Before you go searching for your dream apartment, it’s important to understand that your rental applications will be reviewed closely by landlords and property managers.
Landlords are particular about the people they rent to, especially during the competitive months of May through September, when apartments are in greatest demand. That’s because rental units represent substantial investments. Owners need to secure a steady stream of income from reliable tenants in order to pay their mortgages, property taxes and maintenance costs.
Here are five tips for improving your chances of securing the apartment you’re looking for.
1. Establish a Solid Credit Score
Credit scores reflect your history of paying bills on time. According to credit reporting company TransUnion, for a rating range of 300 to 850, a score of 700 or above generally is considered good. To see where you stand, federal law allows you to get a free copy of your credit reports annually. The largest credit reporting firms, TransUnion, Equifax and Experian offer their reports through a shared website, AnnualCreditReport.com.
It can take time to build up a good credit score, especially if you’re a recent college graduate or have never used a credit card in your own name before. Depending on where you live, and how expensive your potential new place is to rent each month, the landlord or management company may require a guarantor to secure the lease, so they’re covered in case you’re unable to pay rent for some reason. It’s a good idea to find a parent, relative or someone else who lives in close proximity that is willing to sign on as a guarantor in case this is required in your lease agreement.
2. Make Sure You Have Renters Insurance
It’s important to have renters insurance, which may be required by your landlord. Many renters don’t realize that their personal property isn’t protected by their landlord’s insurance policy. In fact, a 2016 Insurance Information Institute poll found that only 41 percent of tenants had insured their belongings. That means if they are robbed or experience a fire, they could be at risk of losing everything they own.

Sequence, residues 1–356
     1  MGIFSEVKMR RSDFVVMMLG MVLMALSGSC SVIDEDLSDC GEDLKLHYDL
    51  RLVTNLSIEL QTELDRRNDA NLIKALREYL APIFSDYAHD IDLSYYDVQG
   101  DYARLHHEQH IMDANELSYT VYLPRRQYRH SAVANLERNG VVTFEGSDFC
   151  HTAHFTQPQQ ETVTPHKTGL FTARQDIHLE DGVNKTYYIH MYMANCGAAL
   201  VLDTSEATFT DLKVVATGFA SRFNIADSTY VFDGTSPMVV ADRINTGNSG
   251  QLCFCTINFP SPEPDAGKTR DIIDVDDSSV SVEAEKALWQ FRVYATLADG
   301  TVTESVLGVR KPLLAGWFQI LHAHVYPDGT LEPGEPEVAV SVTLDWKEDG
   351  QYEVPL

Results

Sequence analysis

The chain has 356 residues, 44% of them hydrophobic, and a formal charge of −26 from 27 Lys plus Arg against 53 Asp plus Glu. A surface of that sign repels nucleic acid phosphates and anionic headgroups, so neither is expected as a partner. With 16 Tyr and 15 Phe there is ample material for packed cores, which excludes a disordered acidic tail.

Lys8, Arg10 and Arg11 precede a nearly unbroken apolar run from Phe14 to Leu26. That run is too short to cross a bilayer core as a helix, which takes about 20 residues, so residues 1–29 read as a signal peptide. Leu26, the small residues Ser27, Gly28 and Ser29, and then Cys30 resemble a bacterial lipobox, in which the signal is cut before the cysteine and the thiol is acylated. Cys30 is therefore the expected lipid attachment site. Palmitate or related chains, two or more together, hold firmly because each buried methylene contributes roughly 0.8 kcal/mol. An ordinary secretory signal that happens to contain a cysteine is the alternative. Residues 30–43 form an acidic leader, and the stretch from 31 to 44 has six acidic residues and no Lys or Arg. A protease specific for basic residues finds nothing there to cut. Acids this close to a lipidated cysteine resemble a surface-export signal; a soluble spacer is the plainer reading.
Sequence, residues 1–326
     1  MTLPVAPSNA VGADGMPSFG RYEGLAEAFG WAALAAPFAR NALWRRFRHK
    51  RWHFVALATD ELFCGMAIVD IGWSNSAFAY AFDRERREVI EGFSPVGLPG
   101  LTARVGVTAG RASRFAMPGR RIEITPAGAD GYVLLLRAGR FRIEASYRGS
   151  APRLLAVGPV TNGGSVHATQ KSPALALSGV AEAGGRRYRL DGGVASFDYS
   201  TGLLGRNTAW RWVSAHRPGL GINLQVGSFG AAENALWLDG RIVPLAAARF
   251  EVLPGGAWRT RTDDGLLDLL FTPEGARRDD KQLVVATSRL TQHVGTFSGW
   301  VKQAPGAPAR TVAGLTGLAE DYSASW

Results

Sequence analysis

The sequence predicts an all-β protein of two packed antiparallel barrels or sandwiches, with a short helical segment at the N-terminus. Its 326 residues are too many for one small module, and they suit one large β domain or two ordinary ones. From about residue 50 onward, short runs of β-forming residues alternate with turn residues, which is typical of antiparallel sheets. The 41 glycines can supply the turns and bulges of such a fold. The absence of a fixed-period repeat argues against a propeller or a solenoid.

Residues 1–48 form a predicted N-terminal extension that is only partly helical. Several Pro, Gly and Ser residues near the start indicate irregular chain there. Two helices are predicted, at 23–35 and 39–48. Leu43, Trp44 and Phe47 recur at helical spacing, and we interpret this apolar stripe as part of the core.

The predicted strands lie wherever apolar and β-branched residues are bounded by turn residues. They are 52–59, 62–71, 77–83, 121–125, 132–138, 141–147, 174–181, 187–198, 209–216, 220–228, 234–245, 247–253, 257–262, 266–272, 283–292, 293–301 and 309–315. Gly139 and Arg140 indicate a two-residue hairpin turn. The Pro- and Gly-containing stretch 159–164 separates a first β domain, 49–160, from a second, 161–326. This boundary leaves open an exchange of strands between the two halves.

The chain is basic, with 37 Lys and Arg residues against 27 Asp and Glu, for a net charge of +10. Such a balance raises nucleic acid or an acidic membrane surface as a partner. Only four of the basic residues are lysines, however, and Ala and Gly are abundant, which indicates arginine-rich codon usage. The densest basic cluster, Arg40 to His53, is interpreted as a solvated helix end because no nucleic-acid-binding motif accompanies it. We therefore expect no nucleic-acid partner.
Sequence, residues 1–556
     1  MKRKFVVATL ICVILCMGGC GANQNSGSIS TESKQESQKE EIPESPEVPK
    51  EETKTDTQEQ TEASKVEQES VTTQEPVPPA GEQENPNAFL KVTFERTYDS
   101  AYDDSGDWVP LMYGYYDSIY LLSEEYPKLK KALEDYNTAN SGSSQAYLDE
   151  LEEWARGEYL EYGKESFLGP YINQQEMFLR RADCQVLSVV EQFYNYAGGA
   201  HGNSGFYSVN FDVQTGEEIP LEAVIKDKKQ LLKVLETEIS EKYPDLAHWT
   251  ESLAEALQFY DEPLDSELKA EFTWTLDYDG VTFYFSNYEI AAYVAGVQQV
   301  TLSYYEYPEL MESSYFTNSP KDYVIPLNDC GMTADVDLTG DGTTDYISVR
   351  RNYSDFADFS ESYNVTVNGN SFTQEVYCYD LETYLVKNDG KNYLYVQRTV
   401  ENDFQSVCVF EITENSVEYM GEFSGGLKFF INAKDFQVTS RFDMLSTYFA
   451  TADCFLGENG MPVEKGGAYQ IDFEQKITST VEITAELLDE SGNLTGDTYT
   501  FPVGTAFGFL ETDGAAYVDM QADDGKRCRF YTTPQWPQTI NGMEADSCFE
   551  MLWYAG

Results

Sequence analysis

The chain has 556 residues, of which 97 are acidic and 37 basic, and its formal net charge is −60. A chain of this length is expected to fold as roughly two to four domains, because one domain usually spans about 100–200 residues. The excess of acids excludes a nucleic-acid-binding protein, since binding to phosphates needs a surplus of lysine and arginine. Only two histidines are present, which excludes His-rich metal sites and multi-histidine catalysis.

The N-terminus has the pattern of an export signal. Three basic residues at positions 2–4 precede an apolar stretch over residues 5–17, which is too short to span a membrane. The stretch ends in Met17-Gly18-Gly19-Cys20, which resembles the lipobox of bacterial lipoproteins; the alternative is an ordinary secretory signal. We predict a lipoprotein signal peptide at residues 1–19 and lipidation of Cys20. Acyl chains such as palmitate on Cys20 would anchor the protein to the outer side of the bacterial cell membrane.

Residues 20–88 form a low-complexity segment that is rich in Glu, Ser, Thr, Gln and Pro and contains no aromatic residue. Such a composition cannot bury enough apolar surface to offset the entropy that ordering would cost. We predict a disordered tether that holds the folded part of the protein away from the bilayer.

Your renters insurance policy can also provide personal liability protection, so if someone else is hurt in your rental property and they choose to file a lawsuit, any medical or legal defense costs will likely be covered.
3. Be Prepared to Pay a Security Deposit
In order to protect their investments, landlords often require tenants to provide security deposits in case of damages. These deposits can range from as little as $100 to the equivalent of several months of rent. You’ll have to pay these funds up front, but you can improve your chances of getting a security deposit back if you use a camera to record the condition of your apartment before you move in.
4. Ask if Pets are Allowed
Pets are great companions, but they can pose challenges when you’re searching for an apartment. Pet owners should make sure that any apartment they’re interested in welcomes animals before they schedule a visit. You can increase your likelihood of finding an appropriate rental unit if you search online for animal-friendly apartments. Locating a rental home that accepts pets may take extra time, so plan accordingly.
5. Screen Roommates Carefully
If you decide to rent an apartment with one or more roommates, make sure you choose people who are responsible. Landlords may hold all tenants responsible for the actions of one roommate. In such cases, two tenants could be evicted if only one of them caused damage or otherwise violated their lease agreement.
It’s also a good idea to sign a roommate agreement with anyone you choose to live with. This is a signed contract between two individuals that could formalize how you choose to split the rental payments, pay for utilities, divvy up the security deposit, or what length of notice is required before moving out, plus any other house rules you’d like to establish.
When you find your dream apartment, there’s no guarantee your application will be accepted. But your chances will greatly improve if you demonstrate that you are prepared, trustworthy and financially responsible.